The setting of this novel is what initially enticed me to read it for it is set in home province of Nova Scotia, Canada. This is a crime novel which does not depict Nova Scotia in a very favorable light, yet I suspect I am a tad biased. LOL
The novel moves along at a fairly quick pace and the protagonist was likeable. Garrett Barkhouse was a forty-two year old RCMP officer who also happens to be an amputee (he lost his foot in Afghanistan). The subject matter was quite dark and included drug trafficking, people smuggling, sexual slavery, and corruption on a grand scale.
I found the narrative to be quite repetitive at times, especially when describing re-occurring characters. There were several aspects of the book which seemed unlikely (such as the main character’s love story after knowing the woman only two days). If you don’t mind suspending belief and are in the mood for a crime novel this one might appeal. Personally I found it to be more something a male reader might appreciate, with macho characters, improbable heroics, and ‘over the top’ action in places. Think a poor man’s James Bond.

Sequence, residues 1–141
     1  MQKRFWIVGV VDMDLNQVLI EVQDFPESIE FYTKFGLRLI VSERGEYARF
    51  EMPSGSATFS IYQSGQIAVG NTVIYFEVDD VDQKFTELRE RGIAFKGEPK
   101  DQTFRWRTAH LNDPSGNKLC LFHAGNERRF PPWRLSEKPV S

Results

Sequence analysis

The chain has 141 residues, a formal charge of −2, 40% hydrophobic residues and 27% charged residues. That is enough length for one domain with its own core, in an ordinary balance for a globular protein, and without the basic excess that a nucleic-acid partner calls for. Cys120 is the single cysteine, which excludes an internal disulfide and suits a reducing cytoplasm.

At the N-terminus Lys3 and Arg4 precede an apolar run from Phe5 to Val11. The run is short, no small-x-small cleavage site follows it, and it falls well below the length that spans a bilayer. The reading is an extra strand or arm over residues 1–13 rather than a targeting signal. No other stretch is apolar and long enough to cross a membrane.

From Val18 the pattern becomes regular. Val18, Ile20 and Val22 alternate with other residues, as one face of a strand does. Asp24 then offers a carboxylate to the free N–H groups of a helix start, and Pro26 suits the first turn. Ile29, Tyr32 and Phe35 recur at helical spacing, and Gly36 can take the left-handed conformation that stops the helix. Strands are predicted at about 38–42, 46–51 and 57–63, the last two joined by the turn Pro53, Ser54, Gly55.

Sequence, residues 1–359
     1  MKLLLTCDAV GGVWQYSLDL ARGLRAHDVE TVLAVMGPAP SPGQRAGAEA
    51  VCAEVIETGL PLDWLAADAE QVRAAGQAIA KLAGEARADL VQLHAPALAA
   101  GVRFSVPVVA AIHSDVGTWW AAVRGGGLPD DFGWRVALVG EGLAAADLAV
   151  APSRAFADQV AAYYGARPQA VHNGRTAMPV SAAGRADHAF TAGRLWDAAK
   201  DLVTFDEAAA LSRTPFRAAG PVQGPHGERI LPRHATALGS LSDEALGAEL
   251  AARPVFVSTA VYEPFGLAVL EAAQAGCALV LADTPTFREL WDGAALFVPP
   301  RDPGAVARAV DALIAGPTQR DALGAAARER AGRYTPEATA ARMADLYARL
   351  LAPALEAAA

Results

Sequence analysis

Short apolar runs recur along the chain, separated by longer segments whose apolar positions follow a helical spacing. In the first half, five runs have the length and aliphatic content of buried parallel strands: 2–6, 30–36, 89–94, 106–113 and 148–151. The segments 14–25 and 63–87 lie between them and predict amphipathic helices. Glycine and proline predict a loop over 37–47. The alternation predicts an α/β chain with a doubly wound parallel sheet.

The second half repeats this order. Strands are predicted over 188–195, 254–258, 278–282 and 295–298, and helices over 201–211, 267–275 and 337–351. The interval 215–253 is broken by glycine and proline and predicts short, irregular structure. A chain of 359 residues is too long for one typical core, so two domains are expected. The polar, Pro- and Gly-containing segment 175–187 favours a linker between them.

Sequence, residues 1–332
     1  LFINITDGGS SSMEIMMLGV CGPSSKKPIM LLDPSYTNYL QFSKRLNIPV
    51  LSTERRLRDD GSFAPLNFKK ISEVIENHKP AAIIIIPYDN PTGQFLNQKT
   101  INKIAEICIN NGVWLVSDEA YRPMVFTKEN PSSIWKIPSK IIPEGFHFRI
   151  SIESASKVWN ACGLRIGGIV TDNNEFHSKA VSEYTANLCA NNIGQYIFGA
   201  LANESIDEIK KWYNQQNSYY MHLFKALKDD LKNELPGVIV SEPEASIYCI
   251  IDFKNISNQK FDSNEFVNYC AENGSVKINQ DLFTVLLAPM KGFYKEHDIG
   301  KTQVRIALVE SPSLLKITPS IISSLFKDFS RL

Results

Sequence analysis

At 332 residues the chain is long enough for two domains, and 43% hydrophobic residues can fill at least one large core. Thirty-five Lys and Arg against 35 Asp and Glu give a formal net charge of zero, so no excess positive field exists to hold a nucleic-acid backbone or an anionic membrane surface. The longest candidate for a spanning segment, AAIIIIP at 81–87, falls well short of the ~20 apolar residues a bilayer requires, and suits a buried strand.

“Misery Bay” is the very definition of a ‘potboiler‘. My favorite aspect of the novel was the mention of places and businesses that are very familiar to me. I am unlikely to read another book from this author.
This review was written voluntarily and my rating was in no way influenced by the fact that I received a complimentary digital copy of this novel from Yucca/Simon and Schuster via Edelweiss. This is one of my Edelweiss backlist titles.
ISBN: 9781631580833 — ASIN: B01EEQ9DD0 — 400 pages
Publication Date: May 17, 2016Chris Angus comes from a literary family consisting of seven published writers. His father and mother, both professors of English Literature and authors of numerous works of fiction, were the best-selling collaborators of a series of anthologies published by Random House.
For ten years, Book Review Editor for Andirondack magazine, he has also been a newspaper columnist and has published more than 400 essays, articles, book introductions, columns and reviews in a wide variety of publications, including The New York Times, Albany Times-Union, Adirondack Life, American Forests, Wordsworth American Classics, Adirondack Explorer and many more.
He is the award-winning author of several works of nonfiction.